A good example of where our technologies have already been integrated and implemented into society is in parks. In India, groundwater is not allowed to be used for sprinkling water in parks due to the declining groundwater levels. In response to this, we provide a system that can be used for water sprinkling by purifying wastewater using our technology.
You have four divisions, with environmental treatment, ground water & drinking systems, housing equipment, renewable energy and household drinking water. Which is your current focus and which has the most potential for future growth?
We believe that all the businesses we conduct have great growth potential. In order to expand our business and contribute to environmental issues around the world, we would like to solidify our domestic business base sufficiently in Japan.
Your unique chemical free injection method is effective at removing ammonia, as well as iron and manganese in groundwater. What makes your filtration method superior to traditional ones?
In domestic wastewater treatment in Japan, we have Johkasou models for a wide range of applications, from small to large-scale and from individual homes to housing & community complexes. Also, for industrial wastewater treatment, transporting factory-manufactured equipment to the site and installing it is by far the most advantageous in terms of both cost and delivery time compared with constructing from scratch on site.
As for treatment systems, in addition to organic treatment that purifies with the power of microorganisms, we also possess inorganic treatment technology that uses chemicals.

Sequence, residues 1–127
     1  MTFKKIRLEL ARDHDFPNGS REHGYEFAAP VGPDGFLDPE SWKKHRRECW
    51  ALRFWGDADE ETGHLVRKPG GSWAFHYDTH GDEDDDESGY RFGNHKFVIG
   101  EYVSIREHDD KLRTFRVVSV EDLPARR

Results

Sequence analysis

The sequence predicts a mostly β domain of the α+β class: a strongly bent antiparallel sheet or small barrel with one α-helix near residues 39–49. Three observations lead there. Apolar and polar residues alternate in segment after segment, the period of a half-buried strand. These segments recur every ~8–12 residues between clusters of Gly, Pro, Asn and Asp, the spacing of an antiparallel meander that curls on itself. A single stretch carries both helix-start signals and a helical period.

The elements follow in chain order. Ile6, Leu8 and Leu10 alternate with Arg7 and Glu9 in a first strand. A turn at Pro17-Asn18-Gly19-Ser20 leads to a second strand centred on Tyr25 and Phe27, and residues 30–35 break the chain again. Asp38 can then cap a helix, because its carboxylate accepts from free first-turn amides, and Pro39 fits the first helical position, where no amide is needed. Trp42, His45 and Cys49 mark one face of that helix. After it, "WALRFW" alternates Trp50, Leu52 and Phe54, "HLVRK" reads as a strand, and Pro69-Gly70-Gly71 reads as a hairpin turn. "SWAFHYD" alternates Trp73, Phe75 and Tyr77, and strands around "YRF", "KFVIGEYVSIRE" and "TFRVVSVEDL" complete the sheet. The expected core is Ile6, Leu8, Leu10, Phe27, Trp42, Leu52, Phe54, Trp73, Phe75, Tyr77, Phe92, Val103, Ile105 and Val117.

Providing such a wide range of services based on the needs and what the original kind of water we are treating is one of our strengths.
You have developed a remote operating system which maintains facilities for 24 hours a day all, year-round and can even detect early signs of an emergency. What market need did you identify when you developed this system, and how can similar digital tools transform the operations of your clients?
We are using all of these systems mostly to ensure the safety and security of our drinkable groundwater system, which needs to be absolutely safe. If problems occur, we need to deal with them promptly. With regards to wastewater treatment, such a level is not required, so we do not use such monitoring systems for that.
In addition, we developed and are operating a management system to level maintenance quality for the purpose of providing stable wastewater treatment.
By 2026, global demand for biofuels is set to grow by 41 million litres. Last year, the Indian Government fast tracked its target of selling 20% ethanol blended fuel across the country by five years to 2025. Your D OiL N biodiesel is a mix of biofuels made from tempura oils and light oils for automobiles. What international markets are you looking to provide your biofuels to?
This business is all about contributing to reducing carbon emissions and the cyclical economy. Part of it is reusing the fuel, so it has to be something that is rolled out on a local level - locally produced and locally supplied. It can only be successful in this way and right now, this project is underway in Matsuyama, Ehime Prefecture. We collect tempura oil from that area, then we reuse it and convert it to an oil which is then used to power that locality.